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Biodesigner Bell brews haute couture fashion using kombucha

Fiona Bell, a researcher at the University of Colorado, Boulder, has made clothes for haute couture fashion, from a warm glass of kombucha, a beverage made from the fermentation of sugared tea.

HQ Team

May 11, 2023: Fiona Bell, a researcher at the University of Colorado, Boulder, has made clothes for haute couture fashion from a warm glass of kombucha, a beverage made from the fermentation of sugared tea.

Bell, who earned her doctorate in creative technology and design from CU Boulder, researches biodesign, the intersection of biology, food science, and materials engineering.

Kombucha, which is thought to have originated in China, is produced by fermentation of sugared tea using a symbiotic culture of bacteria and yeast (SCOBY) commonly called a “mother” or “mushroom.”. The microbial populations in a SCOBY vary.

Mason jars and plastic storage containers are filled with brown slurries. They smell like vinegar and have a thin layer of slimy, almost skin-like material growing on top, or SCOBY.

Kombucha leather

 The researchers harvest and dry the SCOBY to make a material called “kombucha leather,” a process that can take weeks from start to finish. They crafted a “breastplate” shirt to show what it could do. “It’s definitely different,” Bell said. “But I think there’s an inherent beauty to this breastplate.”

It also has embedded LED lights that flick on whenever you hug the wearer. Bell said that kombucha chic might not be everyone’s cup of tea.

As kombucha ferments, the microbes naturally produce the SCOBY, a gooey layer that’s rich in cellulose, Ms Bell said. “If you scoop out that slime and treat it with olive or coconut oil, the SCOBY will dry into a sheet that’s less than a millimeter thick but surprisingly hardy. It looks and feels a lot like animal leather.”

In all, it took Bell and her colleagues over three months to make their kombucha leather breastplate, laying it down strip-by-strip.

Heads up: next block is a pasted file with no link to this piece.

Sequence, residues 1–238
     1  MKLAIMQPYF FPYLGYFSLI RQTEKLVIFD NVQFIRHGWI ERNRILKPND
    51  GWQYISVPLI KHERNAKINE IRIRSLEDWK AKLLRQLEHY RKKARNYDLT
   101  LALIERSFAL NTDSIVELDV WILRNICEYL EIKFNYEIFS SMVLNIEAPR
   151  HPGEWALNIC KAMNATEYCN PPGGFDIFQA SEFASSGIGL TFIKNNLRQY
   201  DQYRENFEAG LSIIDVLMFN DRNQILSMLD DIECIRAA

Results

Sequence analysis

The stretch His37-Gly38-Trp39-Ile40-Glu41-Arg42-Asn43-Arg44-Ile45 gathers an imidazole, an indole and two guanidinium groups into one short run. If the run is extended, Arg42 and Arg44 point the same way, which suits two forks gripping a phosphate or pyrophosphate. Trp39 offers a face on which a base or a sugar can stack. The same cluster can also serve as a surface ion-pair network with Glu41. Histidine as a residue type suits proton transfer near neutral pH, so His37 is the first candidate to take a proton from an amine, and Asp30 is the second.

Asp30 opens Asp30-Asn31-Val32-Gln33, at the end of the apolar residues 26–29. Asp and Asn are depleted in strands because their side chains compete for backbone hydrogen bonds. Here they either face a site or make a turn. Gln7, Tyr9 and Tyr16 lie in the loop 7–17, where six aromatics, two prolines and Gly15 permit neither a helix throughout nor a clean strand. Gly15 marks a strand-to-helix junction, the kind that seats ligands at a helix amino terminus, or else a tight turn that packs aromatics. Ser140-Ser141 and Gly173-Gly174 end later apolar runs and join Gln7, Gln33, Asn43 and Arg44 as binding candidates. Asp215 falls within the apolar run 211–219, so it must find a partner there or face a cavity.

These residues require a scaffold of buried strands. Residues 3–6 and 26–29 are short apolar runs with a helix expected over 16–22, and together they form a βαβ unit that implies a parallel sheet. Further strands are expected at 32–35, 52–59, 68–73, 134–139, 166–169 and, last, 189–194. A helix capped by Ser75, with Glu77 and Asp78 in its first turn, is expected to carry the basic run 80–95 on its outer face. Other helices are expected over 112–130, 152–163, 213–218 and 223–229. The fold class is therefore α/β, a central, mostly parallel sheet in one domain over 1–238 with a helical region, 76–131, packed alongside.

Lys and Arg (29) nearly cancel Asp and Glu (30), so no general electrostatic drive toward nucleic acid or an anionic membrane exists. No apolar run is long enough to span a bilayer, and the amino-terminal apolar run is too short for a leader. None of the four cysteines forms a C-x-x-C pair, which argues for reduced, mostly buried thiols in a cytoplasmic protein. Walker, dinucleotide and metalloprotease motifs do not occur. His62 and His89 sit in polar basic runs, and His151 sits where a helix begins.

Electrical signals

“I learned that I have to slow down to the pace of the organism,” Bell said. “I have to wait for four weeks for a layer to grow, and once I have a layer, I need to know exactly how I’m going to use it.”

The researchers coated one of their layers of SCOBY in activated charcoal, a biodegradable substance that can register and carry faint electrical signals like a metal conductor. Touch that part of the breastplate with your bare skin, and a series of LED lights embedded in the material will glow with life.

She sees the project as an antidote to “fast fashion,” the modern embrace of clothing that can be produced quickly, cheaply, and just as easily thrown away.

The material will degrade in the soil in about a month. One can also easily remove and reuse all of the electronics, Ms Bell said.

Her work is fashioned at the pace of bacteria and yeast.

‘Slow fashion’

“It’s slow fashion,” she said. “It taught me to let go because it was a living thing. Sometimes, imperfections would form in the leather like bubbles or dark spots where clusters of yeast would gather. I had to accept that it was the organism, bringing its own voice into the design.”

As an undergrad at Santa Clara University in California, Ms Bell learned how to brew her own kombucha. It was her advisor at CU Boulder, Mirela Alistar, an assistant professor who leads the Living Matter Lab, who tipped her off to all kombucha could do.

“She said, ‘you know, you can make stuff with the SCOBY,’” Bell said. “My mind was blown. Up until that point I had thought it was just a waste product of the fermentation process.”

The team isn’t the first to make clothes out of kombucha leather. Designer Suzanne Lee debuted a line of “BioCouture” bomber jackets, which she crafted using similar materials.

For about $2,000, you can even buy a Stella McCartney Frayme Mylo shoulder bag, a faux-leather accessory made from mycelium, the root-like structures of many fungi.

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